The true story of Rita La Cantaora, the Jerez artist behind the popular saying
The name of Rita La Cantaora He is better known for the popular saying than for his artistic talent. Expressions such as “Rita la Cantaora is going to do it”, “Rita La Cantaora is going to go” or other variants of the popular saying have prevailed in the Spanish proverb but few know its origin.
Rita Giménez García was born in Jerez de la Frontera in 1859. From a very young age, Rita stood out for her talent for flamenco singing and dancing. She started singing couplets in her homeland but He soon went to Madrid to sing alongside the most renowned artists. in the capital’s cafes.
Between 1884 and 1895, Rita shared the stage with artists such as José Barea, Juana la Macarrona and las Borriqueras. The malagueñas and the soleares were her specialty and soon the magazines and publications of the time began to dedicate their spaces to her. Magazine The dwarf In 1885 he offered him some verses in which he highlighted her beauty and grace singing, with these words: “From the Andalusian people, lady, all the praise deserves, that your gaze enchants, that a rose that blooms, is Rita La Cantaora.”
Its fame grew at the end of the 19th century and the beginning of the 20th. It was said that she was so passionate about what she did that He never turned down a performance, no matter what he was paid for it. and his name appeared on countless posters. Many times, if the audience asked him, he would start singing or dancing without asking for anything in return.
In this role as a tireless singer, devoted to flamenco singing and dancing beyond the money it could provide her, seems to lie the origin of the popular saying. One of her explanations suggests that she was born from her own colleagues who, when they did not want to perform in some cafe or theater, They recommended Rita La Cantaora, because she always accepted the performances. Another theory, however, indicates that the expression arose from those who were somewhat envious of her and that, when they did not agree with the payment for her performances, they responded with the phrase “Let Rita La Cantaora do it” in a derogatory tone.
The truth is that his passion did not generate fortune for him, despite his talent. Rita lived almost all her life in the humble neighborhood of Carabanchel Alto, after meeting and becoming friends with the dancer Patricio el Feo with whom she went to live. There she met the dumper Manuel González Flores, who was her husband. He was a widower and had a daughter and four grandchildren. With no children of her own, when Manuel died suddenly in 1930, Rita took care of them and she dedicated the rest of her life to taking care of her family.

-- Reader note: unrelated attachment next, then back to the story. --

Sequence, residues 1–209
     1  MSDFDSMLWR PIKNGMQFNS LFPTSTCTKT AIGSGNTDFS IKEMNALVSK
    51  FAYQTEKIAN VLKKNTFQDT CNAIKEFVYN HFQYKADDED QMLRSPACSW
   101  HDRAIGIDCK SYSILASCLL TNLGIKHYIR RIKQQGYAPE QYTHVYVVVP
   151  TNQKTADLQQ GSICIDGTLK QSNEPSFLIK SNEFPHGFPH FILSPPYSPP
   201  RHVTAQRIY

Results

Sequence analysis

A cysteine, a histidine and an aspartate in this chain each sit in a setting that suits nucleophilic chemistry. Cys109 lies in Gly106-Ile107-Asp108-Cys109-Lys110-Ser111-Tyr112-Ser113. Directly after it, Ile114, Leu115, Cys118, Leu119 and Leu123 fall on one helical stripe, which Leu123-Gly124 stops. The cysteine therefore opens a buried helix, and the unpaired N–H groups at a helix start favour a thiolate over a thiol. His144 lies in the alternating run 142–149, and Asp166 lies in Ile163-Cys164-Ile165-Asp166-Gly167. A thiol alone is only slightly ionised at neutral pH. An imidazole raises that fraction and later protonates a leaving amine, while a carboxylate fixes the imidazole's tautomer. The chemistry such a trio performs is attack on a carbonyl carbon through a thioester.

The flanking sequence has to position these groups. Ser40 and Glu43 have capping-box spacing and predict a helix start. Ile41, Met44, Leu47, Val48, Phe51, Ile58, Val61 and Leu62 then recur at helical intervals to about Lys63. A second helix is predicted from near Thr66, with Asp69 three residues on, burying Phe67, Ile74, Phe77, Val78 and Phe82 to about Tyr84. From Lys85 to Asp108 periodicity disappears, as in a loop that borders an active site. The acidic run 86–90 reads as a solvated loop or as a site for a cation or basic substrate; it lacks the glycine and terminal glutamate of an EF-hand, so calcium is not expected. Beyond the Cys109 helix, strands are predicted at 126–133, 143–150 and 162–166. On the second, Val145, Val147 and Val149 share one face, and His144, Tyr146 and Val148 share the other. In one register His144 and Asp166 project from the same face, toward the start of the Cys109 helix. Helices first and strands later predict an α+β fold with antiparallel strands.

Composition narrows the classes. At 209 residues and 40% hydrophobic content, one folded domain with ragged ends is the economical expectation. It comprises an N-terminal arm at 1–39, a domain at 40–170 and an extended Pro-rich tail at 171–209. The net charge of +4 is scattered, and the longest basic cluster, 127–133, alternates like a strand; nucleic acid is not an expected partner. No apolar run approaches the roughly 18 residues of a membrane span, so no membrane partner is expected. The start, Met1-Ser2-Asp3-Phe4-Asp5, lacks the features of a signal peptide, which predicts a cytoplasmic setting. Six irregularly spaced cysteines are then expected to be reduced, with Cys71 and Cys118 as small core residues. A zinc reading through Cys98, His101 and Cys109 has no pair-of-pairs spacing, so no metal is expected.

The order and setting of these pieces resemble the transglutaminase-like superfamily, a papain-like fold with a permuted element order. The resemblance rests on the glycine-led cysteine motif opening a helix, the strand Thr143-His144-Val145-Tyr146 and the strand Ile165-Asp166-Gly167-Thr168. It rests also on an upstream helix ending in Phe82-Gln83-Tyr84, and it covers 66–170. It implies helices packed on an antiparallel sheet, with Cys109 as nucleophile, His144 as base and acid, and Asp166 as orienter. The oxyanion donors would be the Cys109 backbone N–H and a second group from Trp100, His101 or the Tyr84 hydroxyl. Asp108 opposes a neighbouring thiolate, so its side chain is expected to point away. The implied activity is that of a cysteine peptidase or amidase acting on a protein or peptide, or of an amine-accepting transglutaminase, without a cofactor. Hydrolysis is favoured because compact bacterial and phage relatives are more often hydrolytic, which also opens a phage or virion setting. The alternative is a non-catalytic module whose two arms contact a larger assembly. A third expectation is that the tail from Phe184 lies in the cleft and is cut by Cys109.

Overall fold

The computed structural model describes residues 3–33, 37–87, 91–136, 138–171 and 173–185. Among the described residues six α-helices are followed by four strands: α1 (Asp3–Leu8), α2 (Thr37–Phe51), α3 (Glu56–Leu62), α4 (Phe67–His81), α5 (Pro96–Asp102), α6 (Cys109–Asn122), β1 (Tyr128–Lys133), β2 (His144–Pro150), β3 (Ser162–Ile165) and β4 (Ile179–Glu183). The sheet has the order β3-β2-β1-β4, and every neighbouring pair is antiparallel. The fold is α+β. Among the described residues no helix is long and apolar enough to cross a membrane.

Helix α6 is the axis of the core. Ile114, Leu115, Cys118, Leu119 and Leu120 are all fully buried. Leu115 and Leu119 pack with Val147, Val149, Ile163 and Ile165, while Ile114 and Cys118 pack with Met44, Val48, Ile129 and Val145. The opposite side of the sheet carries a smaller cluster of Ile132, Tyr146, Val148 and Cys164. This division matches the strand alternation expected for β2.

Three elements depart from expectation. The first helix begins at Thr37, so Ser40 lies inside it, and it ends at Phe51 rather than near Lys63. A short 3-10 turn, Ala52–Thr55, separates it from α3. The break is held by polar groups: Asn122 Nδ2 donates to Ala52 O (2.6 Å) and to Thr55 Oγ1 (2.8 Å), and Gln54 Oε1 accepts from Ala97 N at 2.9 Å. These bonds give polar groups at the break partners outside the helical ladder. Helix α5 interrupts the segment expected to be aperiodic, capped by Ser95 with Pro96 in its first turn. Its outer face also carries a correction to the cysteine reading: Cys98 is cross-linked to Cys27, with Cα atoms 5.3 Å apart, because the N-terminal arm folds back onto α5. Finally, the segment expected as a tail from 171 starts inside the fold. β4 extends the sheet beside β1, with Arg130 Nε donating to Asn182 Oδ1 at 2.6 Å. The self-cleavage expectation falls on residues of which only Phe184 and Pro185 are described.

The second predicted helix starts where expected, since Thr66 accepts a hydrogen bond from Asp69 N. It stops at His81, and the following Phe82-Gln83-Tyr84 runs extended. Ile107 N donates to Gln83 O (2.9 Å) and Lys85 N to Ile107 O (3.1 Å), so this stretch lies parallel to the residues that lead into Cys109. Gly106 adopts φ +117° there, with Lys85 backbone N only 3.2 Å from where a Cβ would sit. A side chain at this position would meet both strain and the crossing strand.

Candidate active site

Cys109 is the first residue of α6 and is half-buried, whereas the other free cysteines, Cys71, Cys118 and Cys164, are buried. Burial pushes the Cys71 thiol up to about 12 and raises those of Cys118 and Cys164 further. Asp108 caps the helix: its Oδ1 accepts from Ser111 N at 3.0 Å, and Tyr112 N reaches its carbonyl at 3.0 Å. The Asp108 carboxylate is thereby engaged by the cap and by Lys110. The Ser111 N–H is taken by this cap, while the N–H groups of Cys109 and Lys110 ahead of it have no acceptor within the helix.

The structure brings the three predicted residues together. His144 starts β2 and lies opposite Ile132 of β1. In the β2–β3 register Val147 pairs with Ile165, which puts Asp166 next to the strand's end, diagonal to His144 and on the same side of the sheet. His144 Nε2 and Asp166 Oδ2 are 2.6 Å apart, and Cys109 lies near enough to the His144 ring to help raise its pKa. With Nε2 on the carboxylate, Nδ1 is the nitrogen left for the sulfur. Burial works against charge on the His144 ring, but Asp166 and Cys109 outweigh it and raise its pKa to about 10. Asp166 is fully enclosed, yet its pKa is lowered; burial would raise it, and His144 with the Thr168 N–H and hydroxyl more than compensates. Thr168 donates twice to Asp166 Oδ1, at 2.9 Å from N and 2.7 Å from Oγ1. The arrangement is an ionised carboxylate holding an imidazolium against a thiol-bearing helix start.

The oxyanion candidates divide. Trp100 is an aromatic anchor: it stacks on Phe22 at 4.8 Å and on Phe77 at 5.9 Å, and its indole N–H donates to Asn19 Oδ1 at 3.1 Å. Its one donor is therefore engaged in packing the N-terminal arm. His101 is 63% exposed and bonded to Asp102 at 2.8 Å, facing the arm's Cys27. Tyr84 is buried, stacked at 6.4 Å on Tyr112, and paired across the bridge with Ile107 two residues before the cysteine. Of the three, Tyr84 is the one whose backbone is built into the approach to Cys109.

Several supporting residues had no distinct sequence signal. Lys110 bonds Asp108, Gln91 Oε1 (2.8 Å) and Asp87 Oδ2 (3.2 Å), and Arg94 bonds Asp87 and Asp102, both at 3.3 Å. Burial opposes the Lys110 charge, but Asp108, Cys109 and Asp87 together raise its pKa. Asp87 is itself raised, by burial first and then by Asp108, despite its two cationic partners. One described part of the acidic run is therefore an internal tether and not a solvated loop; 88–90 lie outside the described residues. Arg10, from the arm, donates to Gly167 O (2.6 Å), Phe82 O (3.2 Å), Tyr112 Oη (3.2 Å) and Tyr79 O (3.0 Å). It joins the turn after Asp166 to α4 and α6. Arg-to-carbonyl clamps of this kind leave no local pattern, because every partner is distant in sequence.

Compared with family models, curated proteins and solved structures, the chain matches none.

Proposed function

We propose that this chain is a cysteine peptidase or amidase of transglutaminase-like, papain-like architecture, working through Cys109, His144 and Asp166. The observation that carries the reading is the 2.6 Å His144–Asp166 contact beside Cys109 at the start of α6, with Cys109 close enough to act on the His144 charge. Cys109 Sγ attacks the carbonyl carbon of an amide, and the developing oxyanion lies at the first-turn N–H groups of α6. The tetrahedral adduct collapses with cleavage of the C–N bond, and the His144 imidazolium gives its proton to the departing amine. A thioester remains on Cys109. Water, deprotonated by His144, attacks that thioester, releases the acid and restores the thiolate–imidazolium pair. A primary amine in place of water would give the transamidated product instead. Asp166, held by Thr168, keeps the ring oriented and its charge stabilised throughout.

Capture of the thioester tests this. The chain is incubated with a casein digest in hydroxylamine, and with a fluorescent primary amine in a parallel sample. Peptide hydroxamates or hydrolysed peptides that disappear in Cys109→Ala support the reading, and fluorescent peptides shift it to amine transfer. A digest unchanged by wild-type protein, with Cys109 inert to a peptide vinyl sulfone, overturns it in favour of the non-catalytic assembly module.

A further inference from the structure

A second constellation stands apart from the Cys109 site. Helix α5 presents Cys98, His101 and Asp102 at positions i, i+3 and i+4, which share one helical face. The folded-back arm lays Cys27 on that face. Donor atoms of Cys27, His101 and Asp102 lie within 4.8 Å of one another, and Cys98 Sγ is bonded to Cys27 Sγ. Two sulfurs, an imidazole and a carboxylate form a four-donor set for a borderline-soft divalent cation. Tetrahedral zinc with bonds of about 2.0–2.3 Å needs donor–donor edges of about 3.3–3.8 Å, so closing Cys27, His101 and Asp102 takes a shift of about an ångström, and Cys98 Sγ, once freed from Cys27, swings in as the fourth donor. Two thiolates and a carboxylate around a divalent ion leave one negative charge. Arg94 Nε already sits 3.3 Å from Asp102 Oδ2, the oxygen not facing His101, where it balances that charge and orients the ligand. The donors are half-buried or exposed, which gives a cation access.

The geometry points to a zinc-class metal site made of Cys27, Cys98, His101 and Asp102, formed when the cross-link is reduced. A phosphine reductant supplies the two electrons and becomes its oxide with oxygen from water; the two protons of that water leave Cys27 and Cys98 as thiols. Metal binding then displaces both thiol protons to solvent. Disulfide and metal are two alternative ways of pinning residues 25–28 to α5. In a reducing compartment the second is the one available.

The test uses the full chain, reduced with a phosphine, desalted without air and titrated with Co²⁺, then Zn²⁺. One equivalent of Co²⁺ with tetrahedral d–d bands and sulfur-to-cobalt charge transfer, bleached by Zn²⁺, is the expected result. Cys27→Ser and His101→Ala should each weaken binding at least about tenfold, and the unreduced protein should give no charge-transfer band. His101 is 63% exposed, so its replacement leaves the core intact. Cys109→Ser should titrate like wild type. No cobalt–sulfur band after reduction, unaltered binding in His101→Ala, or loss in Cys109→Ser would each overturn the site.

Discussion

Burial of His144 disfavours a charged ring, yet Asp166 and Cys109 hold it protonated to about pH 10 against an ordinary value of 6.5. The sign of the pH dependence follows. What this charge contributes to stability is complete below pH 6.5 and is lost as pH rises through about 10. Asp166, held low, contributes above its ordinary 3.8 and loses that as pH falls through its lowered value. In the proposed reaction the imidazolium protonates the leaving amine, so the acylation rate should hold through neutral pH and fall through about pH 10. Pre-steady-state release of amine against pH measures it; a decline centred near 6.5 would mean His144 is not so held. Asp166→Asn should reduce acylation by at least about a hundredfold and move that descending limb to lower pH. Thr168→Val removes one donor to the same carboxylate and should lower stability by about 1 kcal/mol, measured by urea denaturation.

His last performance on stage was in 1934, at the age of 75, when her friend Fosforito invited her to a solidarity festival at the Café de Magallanes in Madrid to benefit a colleague who was having a hard time.
The following year he would remember this performance in an interview, with the following words: “I will not forget it as long as I live. All the old meetings. That! Now there is nothing but good vocals and fandanguillos, fine stuff, but nothing… The wisdom of singing and dancing is over” (sic).
In what was the last interview, for Stamp, under the headline “Rita La Cantaora lives forgotten in Carabanchel Alto”, the journalist Luisa Carnes lamented that the artist had fallen into oblivion: “so famous, she became just a saying for the new generation,” she wrote. At that time, Rita lived far from the stage and was dedicated to her grandchildren. “I have lived like a queen and now I am more honest than rats” (sic), said the singer.
“I had many men at my side, who would have elevated me… and I married a vorquetero from Carabanché. The way! If one overcomes the end that awaits him in eya, he would live otherwise.“(sic), said the cataora, before starting off with one of her couplets. “Evils that time brings, who could penetrate them, to remedy them, before they experience harm.”
In 1936, with the start of the Civil War, the authorities evacuated the inhabitants of Carabanchel to Zorita del Maestrazgo, a town in Castellón where he lived his last days until he died, from asystole, the June 29, 1937 at age 78.
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